These are just some of the more common ones, there are plenty more. What is important is you acknowledge your fear, there is no place for macho behavior here. Failure to acknowledge you have a fear and deal with it can have a big impact on YOUR family. I will help anyone that contacts me so please do if you wish to discuss a personal fear. Talk to your midwife, she is happy to work with both of you and is not just there for your partner. Maybe you have maternity helpline which is also there to help and support expectant partners. Do something!! Don’t let fear spoil the best day of your lives.


15 thoughts on “What you scared of?

  1. I talked about this with the current group. Women were doing something separate. I gave the men prompt cards with words on. One bloke picked up the ‘I’m not sure it’s mine’ rest of group fell silent. Someone else said ‘thank god I’m not the only one’ A couple of men then said they were worried about not being a good dad , another couldnt imagine seeing his wife in pain and not take it away. (looked at what partners can do to help)

    So then I gave the couples time together talking about feelings of birth and being parents. Very powerful. Thank you for inspiring me to approach this subject.

    • Candie,really glad you approached subject, benefits of getting it in open are huge. Using prompt cards was excellent way of getting them to choose what they were going to share.

      It never ceases to amaze me the the paternity doubts. One word of caution letting couples discuss that particular fear can be problematic. It is crucial that the woman understands that it is not a refection on her or even a true doubt about paternity.

      Fear release for men, though is just as important as for women so brilliant you did it. Also credit to you, as you obviously have great rapport with the men, for them to open up to you and discuss them.

      Your couples are very fortunate to have you


  2. I am a Young Fathers worker in Cambridge and I also tackle this subject with prompt cards. I have a list of 10 statements that identifies some of the common thoughts a man has during the antenatal phase and ask them to list them in order of what has most reasonance for them. The question of paternity is always very high.
    I have also found that splitting the couple for this part of our antenatal session brings a much better result than keeping them in the same room and discussing this.

    • Hi Jason, glad to see someone else recognising this very important phase for fathers.

      Do you run just couples antenatal classes? Where did you do your training? Please drop me an email and maybe we can catch up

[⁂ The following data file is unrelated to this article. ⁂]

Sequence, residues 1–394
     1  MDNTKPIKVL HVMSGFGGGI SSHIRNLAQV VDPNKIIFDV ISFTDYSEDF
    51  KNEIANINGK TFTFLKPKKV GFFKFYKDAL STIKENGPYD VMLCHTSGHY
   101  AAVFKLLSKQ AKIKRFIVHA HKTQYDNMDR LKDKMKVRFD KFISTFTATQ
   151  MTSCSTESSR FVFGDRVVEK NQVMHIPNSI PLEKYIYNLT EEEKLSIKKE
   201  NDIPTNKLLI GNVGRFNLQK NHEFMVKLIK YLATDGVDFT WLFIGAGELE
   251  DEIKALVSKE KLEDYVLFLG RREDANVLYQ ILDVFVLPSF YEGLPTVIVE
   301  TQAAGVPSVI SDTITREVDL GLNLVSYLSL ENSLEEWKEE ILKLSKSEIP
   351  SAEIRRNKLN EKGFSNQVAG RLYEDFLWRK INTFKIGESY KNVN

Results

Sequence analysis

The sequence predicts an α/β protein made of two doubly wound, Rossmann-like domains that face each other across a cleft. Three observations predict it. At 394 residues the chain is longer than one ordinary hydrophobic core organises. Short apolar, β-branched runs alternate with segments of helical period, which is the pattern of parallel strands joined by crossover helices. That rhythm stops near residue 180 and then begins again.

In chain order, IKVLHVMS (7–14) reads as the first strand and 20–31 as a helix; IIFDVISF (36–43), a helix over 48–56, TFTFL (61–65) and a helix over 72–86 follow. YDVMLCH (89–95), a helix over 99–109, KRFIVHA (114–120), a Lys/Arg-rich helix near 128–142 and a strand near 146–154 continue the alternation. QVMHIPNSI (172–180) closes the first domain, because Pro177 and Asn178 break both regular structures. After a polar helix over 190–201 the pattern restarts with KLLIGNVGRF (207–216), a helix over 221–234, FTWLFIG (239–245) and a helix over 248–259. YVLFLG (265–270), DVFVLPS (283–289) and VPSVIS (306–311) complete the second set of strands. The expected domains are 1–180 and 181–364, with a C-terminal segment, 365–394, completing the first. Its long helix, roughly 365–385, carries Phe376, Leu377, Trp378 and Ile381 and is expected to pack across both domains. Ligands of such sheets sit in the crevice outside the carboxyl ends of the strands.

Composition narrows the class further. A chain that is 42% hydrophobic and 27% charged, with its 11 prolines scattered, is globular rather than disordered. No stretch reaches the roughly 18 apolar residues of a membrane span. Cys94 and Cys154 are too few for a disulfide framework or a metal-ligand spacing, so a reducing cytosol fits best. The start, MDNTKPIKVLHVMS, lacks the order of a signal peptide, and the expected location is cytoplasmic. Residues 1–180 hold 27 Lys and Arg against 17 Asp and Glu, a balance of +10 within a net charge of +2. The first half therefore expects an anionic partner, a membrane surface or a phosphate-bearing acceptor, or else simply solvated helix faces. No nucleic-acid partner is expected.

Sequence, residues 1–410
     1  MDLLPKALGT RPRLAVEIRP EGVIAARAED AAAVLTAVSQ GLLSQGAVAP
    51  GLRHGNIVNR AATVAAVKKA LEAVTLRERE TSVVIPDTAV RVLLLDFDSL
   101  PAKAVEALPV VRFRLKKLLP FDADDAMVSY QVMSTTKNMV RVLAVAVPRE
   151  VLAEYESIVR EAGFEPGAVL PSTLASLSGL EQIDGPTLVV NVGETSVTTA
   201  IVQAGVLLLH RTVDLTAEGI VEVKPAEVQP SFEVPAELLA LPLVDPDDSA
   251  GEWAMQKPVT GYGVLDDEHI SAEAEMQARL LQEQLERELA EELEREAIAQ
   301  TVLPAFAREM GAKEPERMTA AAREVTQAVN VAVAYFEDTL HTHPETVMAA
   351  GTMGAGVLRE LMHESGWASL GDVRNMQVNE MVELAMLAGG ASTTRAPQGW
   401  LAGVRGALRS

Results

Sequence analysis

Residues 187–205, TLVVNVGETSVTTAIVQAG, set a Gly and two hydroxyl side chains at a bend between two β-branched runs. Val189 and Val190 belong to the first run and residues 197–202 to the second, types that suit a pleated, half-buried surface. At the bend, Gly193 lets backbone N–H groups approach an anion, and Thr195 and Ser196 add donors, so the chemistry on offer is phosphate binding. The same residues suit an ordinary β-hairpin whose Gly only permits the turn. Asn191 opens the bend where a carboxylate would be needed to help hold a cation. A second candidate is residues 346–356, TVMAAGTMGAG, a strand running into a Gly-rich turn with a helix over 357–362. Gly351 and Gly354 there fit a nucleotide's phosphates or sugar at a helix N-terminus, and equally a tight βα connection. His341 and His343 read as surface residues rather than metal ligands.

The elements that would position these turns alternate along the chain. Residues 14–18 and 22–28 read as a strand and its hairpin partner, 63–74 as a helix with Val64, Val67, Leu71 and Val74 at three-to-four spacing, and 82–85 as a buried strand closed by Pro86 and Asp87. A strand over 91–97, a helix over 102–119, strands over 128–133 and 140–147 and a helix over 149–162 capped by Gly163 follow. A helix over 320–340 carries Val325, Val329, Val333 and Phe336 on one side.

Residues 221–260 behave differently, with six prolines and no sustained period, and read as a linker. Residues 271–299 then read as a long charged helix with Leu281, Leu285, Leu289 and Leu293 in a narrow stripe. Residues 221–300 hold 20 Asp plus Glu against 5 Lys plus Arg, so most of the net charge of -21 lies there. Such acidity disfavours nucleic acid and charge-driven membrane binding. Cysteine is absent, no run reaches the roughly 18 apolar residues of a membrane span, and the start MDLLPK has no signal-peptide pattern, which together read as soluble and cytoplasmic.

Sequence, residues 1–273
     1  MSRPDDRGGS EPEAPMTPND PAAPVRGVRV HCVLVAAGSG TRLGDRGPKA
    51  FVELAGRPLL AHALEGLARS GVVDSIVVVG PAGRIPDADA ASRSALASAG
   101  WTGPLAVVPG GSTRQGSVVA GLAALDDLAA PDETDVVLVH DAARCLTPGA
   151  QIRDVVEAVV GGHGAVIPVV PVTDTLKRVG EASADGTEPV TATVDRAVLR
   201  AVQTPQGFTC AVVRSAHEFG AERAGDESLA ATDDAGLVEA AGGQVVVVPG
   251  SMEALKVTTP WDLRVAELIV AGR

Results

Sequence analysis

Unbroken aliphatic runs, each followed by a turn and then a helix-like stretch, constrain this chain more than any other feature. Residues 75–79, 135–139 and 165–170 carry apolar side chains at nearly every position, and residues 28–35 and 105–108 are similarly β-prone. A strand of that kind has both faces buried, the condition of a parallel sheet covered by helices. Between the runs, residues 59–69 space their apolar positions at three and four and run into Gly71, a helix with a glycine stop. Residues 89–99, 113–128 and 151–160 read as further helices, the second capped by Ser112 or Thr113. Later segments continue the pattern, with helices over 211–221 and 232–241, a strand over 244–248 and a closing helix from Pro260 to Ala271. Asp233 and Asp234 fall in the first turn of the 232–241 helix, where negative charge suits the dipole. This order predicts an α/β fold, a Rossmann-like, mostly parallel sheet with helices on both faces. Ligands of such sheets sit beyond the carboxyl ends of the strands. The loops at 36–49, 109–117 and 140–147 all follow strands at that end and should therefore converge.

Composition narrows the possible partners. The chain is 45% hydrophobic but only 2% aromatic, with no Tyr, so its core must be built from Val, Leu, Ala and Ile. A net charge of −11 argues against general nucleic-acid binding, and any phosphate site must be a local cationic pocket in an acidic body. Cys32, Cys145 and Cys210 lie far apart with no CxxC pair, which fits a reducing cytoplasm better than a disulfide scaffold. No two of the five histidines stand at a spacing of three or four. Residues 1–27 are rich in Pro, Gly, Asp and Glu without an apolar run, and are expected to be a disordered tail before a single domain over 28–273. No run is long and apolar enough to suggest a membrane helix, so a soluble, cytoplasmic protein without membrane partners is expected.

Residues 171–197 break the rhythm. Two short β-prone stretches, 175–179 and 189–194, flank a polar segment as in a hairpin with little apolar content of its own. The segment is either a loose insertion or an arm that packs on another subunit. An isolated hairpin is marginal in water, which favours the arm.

• For those using prompts cards, one thought. I use pictures, the reason for this, is it allows the dad to interpet the picture to be the fear he has, it doesn’t limit the fear to the words on the card.

      Imagine picture of dad looking unsure holding baby, what is the fear? It could be is the baby his? He could be scared of handling baby? he could just be wondering if he can financially support family.

      I picture paints a thousand words is a very true statement in this case so worth thinking about

  3. Hey x great piece, I do art work with couples and women on their own to explore fears, when we do couples sessions they all create a separate piece and although we don’t always share artwork because its often abstract they have expressed a fear without having to verbalise it x

  4. Great post Dean, very matter of fact and that’s what men need sometimes. My biggest fear was the birth and how I would be able to cope if something went wrong. I spent quite a long time dwelling on this and decided to confront it head on by finding out more. The more I researched and spoke with other parents or expectant parents I realised that a lot of my preconceptions either didn’t exist in reality or were concerns shared with many others. That’s why I think your service is invaluable to expectant Dad’s as knowledge and understanding is key to giving you the best possible start as a Dad and Birth Partner.

    Keep up the great work!

    • Thanks Jamie informed choice is key to everything 🙂 well done on seeking out the information.

      Always opens dads eyes when we talk about fears, I probably hit 90% of the dads fears when I talk about the common ones and you can see the visibly relax when they realise its not just them.

  5. Hey I just recently gave birth to a baby girl and am going thru a similar situation and was hoping for some advice.
    Shawnette, thanks in advance.